Current Archaeology 280

2 mins read

001_CA280_Cover_FINAL_SC.inddComparisons with Pompeii or Tutankhamen’s tomb are easily overused when attempting to convey the excitement of a new archaeological discovery. Recent media reports labelling an excavation at the new Bloomberg Place in the heart of London the ‘Pompeii of the North’ could risk dooming the results, however exciting, to disappointing comparisons with the Bay of Naples site. On this occasion, however, the wealth of waterlogged finds mirrors the range of objects preserved by Vesuvius. With Bloomberg yielding 10,000 small finds, 350 pieces of writing tablets, 700 boxes of pottery, thousands of fragments of industrial waste, and the well preserved timbers of successive Roman buildings. We take a first look at a site that will rewrite life in Roman London.

Another discovery that provoked international media interest was a Viking boat burial on Scotland’s Ardnamurchan peninsula. Excavating this richly furnished grave was only one strand to a project tackling the full span on human activity in the area. The results are teasing out how the Viking interlude slots into the wider story of Swordle Bay.

Barry Cunliffe’s interest in Brading dates back to the 1950s when it became the first Roman villa he ever visited. Even as a school boy he was struck by the site’s untapped potential. It was, Barry felt, a work unfinished. Half a century later he returned to the site with an excavation team and revealed that there is far more to this villa than its sumptuous mosaics.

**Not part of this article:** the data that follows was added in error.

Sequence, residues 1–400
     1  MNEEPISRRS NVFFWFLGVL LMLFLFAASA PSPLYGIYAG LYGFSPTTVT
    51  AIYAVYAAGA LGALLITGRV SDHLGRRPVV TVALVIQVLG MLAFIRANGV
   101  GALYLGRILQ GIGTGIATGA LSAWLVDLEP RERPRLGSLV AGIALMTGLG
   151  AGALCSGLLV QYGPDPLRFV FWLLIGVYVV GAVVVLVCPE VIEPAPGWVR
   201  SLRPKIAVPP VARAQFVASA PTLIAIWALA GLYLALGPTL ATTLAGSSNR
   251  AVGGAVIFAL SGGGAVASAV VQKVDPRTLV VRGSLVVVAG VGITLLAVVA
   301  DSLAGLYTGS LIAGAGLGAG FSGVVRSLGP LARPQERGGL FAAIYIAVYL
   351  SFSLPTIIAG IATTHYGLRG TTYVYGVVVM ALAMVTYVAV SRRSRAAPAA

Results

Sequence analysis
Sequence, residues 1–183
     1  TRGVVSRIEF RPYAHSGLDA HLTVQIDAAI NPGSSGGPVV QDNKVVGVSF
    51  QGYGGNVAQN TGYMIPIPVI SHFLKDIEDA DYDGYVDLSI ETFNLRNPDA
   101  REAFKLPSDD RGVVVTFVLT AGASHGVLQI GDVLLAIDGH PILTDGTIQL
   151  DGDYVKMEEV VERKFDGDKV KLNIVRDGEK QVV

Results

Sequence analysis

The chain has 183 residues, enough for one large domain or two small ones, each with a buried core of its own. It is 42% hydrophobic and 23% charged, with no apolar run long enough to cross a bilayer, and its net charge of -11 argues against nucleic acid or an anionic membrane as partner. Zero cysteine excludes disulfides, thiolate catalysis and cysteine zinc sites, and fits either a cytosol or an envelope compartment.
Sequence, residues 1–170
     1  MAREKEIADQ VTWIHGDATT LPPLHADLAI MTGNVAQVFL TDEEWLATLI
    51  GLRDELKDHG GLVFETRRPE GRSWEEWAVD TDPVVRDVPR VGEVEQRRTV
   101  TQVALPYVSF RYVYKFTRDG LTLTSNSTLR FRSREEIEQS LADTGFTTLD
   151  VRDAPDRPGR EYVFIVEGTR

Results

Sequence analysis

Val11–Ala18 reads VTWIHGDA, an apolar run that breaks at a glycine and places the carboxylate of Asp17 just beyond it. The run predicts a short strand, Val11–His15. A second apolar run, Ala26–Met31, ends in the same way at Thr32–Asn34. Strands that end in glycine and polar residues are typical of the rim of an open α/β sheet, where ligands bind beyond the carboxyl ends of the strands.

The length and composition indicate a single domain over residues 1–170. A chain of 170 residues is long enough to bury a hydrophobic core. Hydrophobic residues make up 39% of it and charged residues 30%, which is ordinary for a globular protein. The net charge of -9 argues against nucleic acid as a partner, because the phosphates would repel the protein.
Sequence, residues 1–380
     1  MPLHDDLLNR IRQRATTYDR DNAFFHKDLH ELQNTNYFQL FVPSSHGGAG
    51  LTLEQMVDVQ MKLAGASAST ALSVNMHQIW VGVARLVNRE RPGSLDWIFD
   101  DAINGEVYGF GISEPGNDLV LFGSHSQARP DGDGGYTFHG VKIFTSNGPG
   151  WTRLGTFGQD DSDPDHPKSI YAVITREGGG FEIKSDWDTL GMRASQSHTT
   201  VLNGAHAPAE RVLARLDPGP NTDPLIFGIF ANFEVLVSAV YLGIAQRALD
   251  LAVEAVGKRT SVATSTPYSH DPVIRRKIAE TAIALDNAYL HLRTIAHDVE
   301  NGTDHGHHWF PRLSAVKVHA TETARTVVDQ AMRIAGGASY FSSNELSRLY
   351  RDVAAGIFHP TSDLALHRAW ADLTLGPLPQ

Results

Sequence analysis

Christ Church, Oxford famously stood in for Hogwarts school in some Harry Potter films. Recent work in this unique college and cathedral hybrid has revealed how the Medieval city tapped into the burgeoning European knowledge economy. It has also unearthed some unusual artefacts, some of which may have been familiar to a certain boy wizard.

Finally, a new Mary Rose museum has just opened at Portsmouth’s Historic Dockyard. Do not miss our review.    




The rise and fall of a Roman waterfront
Excavations in the heart of London have revealed a wealth of well-preserved timber structures and almost 10,000 artefacts. What do they tell us about life in Londinium?



Life and death on the Ardnamurchan Peninsula
From a Neolithic chambered tomb to a Viking boat burial, we explore the rich archaeological landscape of mainland Britain’s westernmost point.



Brading Villa on the Isle of Wight
Famed for its stunning mosaics, Brading Roman villa has a much wider story to tell — as Barry Cunliffe reveals.



Discovering Medieval Oxford beneath the quads
What lies beneath Oxford’s dreaming spires? Recent archaeological work has uncovered a story of unfinished chapels, lost streets, and alchemy.



Kingsmead Quarry — fit for a queen?; Lincoln’s lost church; Leicester’s faithful finds; Testing Burrough Hill’s metal; Axe and receive in Glamorgan; Mapping Medieval Dunwich; Eilean Donan recaptured; Jersey’s alien priory



Museum Review
The new  Mary Rose  museum opens

Piltdown Man: case closed; Roman Britain through its objects; Historic Wales from the Air

Chris Catling’s irreverent take  on heritage issues.

Mick’s Dig Diary      
Having explored historic mapping, Mick is joined by Phil and Mandy Knibb to sample digital varieties

Odd Socs
The Bagpipe Society


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